ROTL94
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Hello,
I've run into a bit of difficulty with this E&T question, I've got answers for all the other parts but can't find any info on this section 'Joby was a beneficiary of a trust which had been established by his late mother, and he received all of the income from that trust for his life. At a meeting with the trustees of that trust he instructed them to pay the income from that trust in future to his daughter Jessie.' is he entitled to do this? What do I need to be looking at here?
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ROTL94
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Catherine1973
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Is there a section in your course or textbook called variation? We didn’t study that but I saw it in the textbook and imagine it covers your example.
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ROTL94
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(Original post by Catherine1973)
Is there a section in your course or textbook called variation? We didn’t study that but I saw it in the textbook and imagine it covers your example.
Variations of trusts seems to relate to beneficiaries who don't have the capacity E.G. appropriate mental faculties to be beneficiaries and the court's right to intervene in such instances, not about whether or not a beneficiary can just transfer his equitable interest to someone else, sadly.
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ROTL94
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(Original post by Catherine1973)
Is there a section in your course or textbook called variation? We didn’t study that but I saw it in the textbook and imagine it covers your example.
Oh it;s ok actually found the answer

Spoiler:
Show
A beneficiary under a trust of property may give away their beneficial interest to another person by:

assigning it to another person;
assigning it to a trustee on trust for the other person, or;
declaring themselves a trustee of the interest for that other person.

However, an agreement to transfer the beneficial interest must be in writing otherwise it will be void. The agreement need not be signed by the beneficiary themselves but may be signed on their behalf by a solicitor.

The beneficiary can instruct the trustee to hold the equitable interest on trust for a third party.

Where a beneficiary directs the trustee to hold his equitable interest on trust for a third party this is considered to be an agreement (disposition or assignment) under section 53(1)(c) and will be void if not declared in writing.

The beneficiary can also ask the trustee to declare a trust in favour of the third party instead of that original intended beneficiary. This must be made in writing by virtue of section 53 (1) (c).

The beneficiary can also declare a sub-trust arising from the original trust in favour of the third party. Where the trustee holds the property on trust for the beneficiary, it is for the beneficiary to declare himself a trustee of the equitable interest for the benefit of a third party. Again, this must be in writing.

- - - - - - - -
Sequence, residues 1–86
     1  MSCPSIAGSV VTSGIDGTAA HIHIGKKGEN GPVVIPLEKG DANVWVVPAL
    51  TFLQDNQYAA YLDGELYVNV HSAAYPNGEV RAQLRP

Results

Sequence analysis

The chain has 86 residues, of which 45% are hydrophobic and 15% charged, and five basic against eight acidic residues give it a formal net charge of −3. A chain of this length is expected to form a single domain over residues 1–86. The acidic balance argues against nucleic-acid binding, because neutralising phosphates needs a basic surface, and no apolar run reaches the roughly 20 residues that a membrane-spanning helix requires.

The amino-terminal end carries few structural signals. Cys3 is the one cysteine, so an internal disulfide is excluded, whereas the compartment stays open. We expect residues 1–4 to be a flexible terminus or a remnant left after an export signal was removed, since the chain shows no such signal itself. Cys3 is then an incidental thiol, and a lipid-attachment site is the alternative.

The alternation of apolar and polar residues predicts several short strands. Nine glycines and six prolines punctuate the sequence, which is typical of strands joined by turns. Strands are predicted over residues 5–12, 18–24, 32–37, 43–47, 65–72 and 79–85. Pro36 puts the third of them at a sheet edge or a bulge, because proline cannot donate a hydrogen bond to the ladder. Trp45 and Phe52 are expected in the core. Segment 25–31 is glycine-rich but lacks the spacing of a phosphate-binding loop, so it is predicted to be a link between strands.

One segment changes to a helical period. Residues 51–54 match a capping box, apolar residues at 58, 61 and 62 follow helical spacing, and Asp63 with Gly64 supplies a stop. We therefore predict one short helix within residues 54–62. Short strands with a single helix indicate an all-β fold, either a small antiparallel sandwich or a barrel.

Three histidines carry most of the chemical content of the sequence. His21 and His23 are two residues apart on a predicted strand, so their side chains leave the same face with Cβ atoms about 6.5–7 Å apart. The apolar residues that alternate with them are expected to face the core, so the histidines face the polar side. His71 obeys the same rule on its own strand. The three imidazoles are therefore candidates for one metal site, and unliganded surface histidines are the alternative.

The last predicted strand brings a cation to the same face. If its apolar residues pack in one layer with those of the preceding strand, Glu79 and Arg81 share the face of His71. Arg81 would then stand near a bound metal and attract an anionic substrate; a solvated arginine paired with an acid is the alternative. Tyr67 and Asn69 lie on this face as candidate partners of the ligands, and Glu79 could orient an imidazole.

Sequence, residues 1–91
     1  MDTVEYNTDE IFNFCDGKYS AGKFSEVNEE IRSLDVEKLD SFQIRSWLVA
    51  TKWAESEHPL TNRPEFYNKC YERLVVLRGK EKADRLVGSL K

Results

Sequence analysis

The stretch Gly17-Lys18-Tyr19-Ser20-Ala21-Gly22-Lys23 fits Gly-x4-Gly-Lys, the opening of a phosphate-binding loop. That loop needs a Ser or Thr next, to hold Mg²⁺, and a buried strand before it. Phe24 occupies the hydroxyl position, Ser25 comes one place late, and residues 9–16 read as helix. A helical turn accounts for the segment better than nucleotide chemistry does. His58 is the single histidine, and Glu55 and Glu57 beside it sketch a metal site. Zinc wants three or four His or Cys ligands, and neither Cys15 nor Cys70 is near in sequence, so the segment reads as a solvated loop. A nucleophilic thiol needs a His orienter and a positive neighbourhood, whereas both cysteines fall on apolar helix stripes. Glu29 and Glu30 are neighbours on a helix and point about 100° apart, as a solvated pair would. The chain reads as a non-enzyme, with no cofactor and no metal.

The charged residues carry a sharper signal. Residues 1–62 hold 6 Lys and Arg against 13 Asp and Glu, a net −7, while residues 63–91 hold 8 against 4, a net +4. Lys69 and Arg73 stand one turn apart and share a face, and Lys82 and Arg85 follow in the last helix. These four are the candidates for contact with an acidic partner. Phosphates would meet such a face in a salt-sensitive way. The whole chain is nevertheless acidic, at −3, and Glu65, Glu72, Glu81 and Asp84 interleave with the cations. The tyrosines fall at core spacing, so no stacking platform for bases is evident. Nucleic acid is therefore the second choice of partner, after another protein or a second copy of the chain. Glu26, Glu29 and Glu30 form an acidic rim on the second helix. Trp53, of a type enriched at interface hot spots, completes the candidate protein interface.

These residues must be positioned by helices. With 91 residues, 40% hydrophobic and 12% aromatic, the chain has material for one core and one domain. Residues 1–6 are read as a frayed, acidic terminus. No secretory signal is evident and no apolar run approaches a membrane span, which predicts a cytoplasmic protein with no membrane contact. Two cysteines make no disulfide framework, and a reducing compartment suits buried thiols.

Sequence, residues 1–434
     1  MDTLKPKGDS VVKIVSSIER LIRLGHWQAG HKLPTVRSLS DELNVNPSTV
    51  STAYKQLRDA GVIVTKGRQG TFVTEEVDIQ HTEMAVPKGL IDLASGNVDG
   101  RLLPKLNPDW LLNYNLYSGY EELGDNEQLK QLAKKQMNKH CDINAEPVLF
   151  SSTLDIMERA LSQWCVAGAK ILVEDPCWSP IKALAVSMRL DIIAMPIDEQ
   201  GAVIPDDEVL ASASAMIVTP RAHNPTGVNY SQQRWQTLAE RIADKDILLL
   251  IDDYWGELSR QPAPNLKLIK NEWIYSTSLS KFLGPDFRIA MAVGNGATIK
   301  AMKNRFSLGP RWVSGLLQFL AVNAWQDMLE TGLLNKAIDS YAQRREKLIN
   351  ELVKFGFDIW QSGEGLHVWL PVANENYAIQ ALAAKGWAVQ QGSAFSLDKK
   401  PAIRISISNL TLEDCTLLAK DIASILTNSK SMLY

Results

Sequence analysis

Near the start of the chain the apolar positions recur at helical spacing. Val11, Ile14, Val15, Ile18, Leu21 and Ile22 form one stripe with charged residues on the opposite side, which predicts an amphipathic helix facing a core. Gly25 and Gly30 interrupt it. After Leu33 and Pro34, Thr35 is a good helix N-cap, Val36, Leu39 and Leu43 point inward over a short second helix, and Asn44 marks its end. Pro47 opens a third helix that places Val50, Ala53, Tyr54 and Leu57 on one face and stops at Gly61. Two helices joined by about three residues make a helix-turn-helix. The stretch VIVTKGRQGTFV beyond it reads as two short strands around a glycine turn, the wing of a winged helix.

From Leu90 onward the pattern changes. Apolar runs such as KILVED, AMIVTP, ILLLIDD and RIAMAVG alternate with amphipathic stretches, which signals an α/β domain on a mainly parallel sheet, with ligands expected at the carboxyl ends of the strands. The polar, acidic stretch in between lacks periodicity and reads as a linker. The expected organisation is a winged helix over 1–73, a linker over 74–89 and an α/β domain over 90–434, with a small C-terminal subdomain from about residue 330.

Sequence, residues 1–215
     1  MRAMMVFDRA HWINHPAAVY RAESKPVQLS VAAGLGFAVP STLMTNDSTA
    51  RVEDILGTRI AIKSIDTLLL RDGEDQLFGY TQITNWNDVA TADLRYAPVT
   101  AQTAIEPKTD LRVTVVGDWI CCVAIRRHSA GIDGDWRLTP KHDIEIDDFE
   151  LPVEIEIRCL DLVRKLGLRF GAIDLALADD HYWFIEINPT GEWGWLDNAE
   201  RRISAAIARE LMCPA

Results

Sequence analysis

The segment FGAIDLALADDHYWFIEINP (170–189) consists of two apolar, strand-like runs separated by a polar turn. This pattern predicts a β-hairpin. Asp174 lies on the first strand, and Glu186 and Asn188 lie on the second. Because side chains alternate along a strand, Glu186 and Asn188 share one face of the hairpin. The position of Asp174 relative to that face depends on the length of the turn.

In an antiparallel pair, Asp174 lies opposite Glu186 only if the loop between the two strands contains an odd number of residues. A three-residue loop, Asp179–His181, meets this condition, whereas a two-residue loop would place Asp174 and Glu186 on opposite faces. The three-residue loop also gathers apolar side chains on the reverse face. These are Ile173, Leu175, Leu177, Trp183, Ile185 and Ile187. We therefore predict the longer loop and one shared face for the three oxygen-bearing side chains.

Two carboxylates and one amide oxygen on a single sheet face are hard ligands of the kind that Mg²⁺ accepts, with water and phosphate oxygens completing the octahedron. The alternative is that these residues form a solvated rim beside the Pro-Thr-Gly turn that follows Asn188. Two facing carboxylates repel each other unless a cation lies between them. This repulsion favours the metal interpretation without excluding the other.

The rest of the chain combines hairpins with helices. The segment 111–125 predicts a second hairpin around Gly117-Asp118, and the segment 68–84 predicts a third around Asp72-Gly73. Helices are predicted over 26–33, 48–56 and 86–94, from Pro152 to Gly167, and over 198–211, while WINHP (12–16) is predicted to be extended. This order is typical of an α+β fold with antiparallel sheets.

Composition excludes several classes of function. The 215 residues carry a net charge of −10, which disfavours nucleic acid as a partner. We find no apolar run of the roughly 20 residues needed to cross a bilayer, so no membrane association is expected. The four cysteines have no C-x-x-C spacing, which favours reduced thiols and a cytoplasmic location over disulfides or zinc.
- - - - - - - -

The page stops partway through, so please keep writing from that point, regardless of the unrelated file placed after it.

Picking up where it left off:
In these cases, the benefits and liabilities in relation to the beneficial entitlement of the original beneficiary will be transferred to the third party (the new beneficiary) under the sub-trust. The beneficiaries therefore take on the role of the trustee holding the property on trust for the third party
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Lawschoolhack
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(Original post by ROTL94)
Oh it;s ok actually found the answer

Spoiler:
Show
A beneficiary under a trust of property may give away their beneficial interest to another person by:

assigning it to another person;
assigning it to a trustee on trust for the other person, or;
declaring themselves a trustee of the interest for that other person.

However, an agreement to transfer the beneficial interest must be in writing otherwise it will be void. The agreement need not be signed by the beneficiary themselves but may be signed on their behalf by a solicitor.

The beneficiary can instruct the trustee to hold the equitable interest on trust for a third party.

Where a beneficiary directs the trustee to hold his equitable interest on trust for a third party this is considered to be an agreement (disposition or assignment) under section 53(1)(c) and will be void if not declared in writing.

The beneficiary can also ask the trustee to declare a trust in favour of the third party instead of that original intended beneficiary. This must be made in writing by virtue of section 53 (1) (c).

The beneficiary can also declare a sub-trust arising from the original trust in favour of the third party. Where the trustee holds the property on trust for the beneficiary, it is for the beneficiary to declare himself a trustee of the equitable interest for the benefit of a third party. Again, this must be in writing.

In these cases, the benefits and liabilities in relation to the beneficial entitlement of the original beneficiary will be transferred to the third party (the new beneficiary) under the sub-trust. The beneficiaries therefore take on the role of the trustee holding the property on trust for the third party
That was a quick bump! It's a 53(1)(c) issue.
(Original post by ROTL94)
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